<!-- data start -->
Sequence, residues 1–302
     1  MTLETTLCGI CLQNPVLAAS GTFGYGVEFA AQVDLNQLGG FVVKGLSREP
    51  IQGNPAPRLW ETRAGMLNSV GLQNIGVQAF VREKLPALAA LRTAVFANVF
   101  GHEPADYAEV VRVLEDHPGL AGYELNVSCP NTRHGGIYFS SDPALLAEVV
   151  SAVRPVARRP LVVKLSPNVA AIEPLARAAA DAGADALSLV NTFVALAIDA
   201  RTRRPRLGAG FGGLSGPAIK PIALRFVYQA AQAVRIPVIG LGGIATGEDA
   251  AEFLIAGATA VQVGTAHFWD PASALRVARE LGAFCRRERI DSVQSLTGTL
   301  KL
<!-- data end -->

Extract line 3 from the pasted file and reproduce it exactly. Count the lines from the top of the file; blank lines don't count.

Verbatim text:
    51  IQGNPAPRLW ETRAGMLNSV GLQNIGVQAF VREKLPALAA LRTAVFANVF